By first establishing a large market within the military for solar panels, wind farms and electric batteries, Korea then can quickly scale up the number of experts needed for maintaining these new appliances and assure that companies will make a substantial investment for future development with a guaranteed military demand.
In ship building, Korea must insist on higher standards for energy efficiency in all of the boats it produces, require that wind turbines and solar panels cover the full surface of all its ships so as to assure that they generate much of the energy that they use. Moreover, Korea can develop a large number of massive floating wind farms that can ply the waters around Korea providing critical energy.
The same can be said for the automotive sector. The government should demand that all automobiles must be electric within five years and offer large subsidies to those who turn in their automobile for a new electric one (and impose a significant carbon tax on all remaining automobiles after that date). Not only would such a policy stimulate the Korean economy in the short term in terms of manufacturing, it would make it possible for car owners to charge their cars at home using home solar panels. The costs of subsidies are minor compared with the improved air quality, the energy independence and the possibility of Korea leap-frogging to a new competitiveness in the global automotive field.
Starting with all government buildings, and extending to all commercial and residential buildings, we should require extremely strict insulation and the mandatory use of solar panels on all surfaces and transparent solar panels on all windows.
Such regulations should be implemented without exception and substantial subsidies be provided for refitting old houses. In fact, the required retrofitting of older structures with insulation for high energy efficiency, and with solar panels and small wind generators, is perhaps one of the best ways to create jobs for youth.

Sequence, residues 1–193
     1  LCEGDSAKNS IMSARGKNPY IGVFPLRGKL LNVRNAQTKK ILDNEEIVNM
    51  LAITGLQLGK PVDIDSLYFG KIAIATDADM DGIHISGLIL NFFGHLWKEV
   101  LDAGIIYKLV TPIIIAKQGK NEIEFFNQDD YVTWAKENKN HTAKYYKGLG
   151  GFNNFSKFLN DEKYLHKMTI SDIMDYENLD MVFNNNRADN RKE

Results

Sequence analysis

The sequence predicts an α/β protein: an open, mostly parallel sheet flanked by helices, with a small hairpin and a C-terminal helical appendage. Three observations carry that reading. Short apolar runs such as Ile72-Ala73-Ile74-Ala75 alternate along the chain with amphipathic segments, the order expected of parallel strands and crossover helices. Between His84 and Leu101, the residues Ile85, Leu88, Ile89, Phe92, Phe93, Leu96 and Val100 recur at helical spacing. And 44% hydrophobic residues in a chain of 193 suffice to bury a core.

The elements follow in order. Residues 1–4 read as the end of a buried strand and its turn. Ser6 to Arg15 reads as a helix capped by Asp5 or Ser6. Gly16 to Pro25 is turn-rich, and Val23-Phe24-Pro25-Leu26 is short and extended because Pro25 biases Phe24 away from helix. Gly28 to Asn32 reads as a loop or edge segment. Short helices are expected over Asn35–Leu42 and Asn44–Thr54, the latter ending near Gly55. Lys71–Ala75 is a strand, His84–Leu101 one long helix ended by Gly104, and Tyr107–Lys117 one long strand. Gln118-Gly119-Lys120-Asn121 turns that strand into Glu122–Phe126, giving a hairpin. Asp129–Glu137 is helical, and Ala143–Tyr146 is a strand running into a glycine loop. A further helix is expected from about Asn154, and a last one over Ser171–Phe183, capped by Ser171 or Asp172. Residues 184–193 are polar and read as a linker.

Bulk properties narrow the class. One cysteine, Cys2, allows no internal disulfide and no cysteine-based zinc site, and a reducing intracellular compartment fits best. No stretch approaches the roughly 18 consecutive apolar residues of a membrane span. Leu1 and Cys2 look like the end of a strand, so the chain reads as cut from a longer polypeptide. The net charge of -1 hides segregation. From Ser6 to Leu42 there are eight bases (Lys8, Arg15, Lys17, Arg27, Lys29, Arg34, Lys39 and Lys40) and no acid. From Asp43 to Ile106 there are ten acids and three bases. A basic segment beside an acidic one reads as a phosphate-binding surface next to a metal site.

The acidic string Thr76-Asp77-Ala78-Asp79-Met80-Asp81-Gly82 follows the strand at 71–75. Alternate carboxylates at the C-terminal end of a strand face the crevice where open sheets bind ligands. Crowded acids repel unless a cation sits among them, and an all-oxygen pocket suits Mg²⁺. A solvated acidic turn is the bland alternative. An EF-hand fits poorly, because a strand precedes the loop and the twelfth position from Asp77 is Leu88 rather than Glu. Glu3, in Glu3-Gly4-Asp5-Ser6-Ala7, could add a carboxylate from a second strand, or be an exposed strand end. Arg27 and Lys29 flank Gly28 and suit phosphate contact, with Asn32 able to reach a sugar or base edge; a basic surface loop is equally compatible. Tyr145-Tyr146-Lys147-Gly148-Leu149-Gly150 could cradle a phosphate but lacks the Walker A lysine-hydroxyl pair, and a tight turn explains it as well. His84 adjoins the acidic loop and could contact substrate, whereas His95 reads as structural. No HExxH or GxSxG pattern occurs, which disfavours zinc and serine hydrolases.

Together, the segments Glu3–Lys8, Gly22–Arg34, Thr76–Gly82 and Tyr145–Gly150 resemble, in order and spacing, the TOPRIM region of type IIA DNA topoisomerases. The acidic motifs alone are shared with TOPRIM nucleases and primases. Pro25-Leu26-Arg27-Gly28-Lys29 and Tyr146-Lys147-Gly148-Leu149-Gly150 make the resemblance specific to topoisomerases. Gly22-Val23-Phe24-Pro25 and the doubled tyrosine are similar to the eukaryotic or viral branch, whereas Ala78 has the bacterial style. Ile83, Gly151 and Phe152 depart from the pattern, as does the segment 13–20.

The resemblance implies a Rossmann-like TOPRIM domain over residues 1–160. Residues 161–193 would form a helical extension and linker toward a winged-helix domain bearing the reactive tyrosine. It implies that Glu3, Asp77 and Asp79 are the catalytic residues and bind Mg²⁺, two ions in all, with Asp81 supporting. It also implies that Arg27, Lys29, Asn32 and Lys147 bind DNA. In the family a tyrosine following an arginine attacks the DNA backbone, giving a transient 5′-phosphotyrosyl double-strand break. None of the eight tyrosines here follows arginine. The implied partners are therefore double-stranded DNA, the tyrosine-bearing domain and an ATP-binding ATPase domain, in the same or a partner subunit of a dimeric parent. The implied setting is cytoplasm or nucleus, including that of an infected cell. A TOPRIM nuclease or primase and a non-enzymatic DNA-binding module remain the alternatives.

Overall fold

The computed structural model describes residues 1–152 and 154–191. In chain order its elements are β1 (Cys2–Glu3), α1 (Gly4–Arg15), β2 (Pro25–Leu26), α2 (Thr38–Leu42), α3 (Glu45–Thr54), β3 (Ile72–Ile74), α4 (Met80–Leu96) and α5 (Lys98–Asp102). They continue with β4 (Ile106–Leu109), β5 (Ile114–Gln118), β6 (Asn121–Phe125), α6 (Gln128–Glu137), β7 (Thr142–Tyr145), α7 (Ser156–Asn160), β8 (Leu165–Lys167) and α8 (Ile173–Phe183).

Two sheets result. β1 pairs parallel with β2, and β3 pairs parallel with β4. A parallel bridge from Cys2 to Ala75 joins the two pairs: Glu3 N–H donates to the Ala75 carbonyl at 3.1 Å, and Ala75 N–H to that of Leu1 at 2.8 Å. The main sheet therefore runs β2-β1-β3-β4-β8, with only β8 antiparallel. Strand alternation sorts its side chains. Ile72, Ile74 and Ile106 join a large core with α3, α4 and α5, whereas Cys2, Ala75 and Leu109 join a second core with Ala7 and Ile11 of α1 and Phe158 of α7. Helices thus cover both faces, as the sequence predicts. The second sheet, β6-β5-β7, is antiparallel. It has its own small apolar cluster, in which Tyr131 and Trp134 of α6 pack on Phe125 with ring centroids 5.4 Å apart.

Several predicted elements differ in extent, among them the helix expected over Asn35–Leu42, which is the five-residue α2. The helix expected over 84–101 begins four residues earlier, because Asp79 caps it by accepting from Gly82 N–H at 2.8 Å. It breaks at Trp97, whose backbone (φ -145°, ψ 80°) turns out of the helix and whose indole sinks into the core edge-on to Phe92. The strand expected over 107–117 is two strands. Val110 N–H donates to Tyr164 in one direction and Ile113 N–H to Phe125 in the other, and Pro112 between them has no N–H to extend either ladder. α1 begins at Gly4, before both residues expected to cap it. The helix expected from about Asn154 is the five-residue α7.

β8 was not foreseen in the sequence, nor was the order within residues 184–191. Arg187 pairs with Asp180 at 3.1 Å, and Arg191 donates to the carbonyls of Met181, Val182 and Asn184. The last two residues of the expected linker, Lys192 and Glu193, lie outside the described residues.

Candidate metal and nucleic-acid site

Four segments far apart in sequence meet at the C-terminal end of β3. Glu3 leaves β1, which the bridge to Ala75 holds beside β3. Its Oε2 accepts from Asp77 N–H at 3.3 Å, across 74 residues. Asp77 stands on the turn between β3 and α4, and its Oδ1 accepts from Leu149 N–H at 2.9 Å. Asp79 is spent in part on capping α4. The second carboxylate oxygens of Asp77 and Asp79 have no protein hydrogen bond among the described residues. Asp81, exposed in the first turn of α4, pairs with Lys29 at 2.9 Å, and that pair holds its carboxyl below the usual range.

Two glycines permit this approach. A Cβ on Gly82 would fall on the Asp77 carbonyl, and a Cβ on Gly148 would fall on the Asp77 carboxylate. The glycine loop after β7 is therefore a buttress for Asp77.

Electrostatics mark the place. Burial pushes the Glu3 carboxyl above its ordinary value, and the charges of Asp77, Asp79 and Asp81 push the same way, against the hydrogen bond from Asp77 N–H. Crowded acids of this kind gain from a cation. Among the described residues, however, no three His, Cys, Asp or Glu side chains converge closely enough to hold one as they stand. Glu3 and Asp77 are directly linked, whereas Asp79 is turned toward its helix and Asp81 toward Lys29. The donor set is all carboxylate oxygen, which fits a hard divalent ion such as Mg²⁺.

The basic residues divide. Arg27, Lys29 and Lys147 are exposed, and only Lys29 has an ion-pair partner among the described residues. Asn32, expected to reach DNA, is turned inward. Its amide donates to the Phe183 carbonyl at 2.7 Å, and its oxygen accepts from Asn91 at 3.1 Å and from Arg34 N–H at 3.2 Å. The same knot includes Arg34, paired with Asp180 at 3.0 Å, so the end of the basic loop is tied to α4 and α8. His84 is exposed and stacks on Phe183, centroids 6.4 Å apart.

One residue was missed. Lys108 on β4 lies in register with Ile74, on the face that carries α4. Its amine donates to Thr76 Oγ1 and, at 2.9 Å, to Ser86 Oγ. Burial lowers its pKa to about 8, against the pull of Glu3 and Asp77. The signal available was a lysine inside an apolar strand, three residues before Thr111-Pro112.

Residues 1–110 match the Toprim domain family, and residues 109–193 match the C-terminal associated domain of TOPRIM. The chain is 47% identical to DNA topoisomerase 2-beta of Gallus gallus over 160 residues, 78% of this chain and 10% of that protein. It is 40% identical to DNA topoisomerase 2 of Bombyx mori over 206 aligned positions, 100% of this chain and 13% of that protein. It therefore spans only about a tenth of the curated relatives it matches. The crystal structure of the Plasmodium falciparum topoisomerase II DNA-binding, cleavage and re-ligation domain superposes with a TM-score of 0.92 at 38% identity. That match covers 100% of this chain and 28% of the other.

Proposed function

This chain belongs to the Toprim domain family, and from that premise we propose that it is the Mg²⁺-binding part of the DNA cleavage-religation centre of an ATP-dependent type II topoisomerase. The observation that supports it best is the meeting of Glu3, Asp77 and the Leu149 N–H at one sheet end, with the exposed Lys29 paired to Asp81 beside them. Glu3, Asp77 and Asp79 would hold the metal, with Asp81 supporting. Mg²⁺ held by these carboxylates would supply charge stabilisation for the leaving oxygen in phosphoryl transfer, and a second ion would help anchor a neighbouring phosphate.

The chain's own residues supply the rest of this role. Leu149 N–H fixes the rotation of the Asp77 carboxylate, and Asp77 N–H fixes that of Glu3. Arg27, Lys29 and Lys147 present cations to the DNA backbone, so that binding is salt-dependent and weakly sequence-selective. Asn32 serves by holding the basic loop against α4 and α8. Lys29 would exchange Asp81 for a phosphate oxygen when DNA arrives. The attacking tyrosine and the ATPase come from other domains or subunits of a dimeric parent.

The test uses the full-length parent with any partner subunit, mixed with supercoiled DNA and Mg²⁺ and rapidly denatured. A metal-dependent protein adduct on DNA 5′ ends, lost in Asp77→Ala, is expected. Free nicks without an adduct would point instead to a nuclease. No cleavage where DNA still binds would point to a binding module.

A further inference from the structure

Another promising field for Korea is the development of electric aeroplanes. Although Korea is behind in the development of fighter planes and commercial jet planes because much of the intellectual property rights are controlled by other countries, the emerging field of electric planes is just about wide open for Korea, and Korea’s strengths in electronics could make a big difference.
If we assume that fossil-fuel airplanes will be a thing of the past in 20 years, Korea should make a decisive move to seize control of the market now.
Finally, Korea can take advantage of its cooperative relationships with major players in renewable energy to quickly scale up to meet future demands.
Korea established a “Green Alliance” with Denmark in 2011 that has promoted collaboration in the development of green technologies in technical fields.
Denmark has a plan to achieve 100 percent renewable energy by 2050. Korea can learn a lot from that vision.
*The author is an associate professor at the College of International Studies, Kyung Hee University.
by Emanuel Pastreich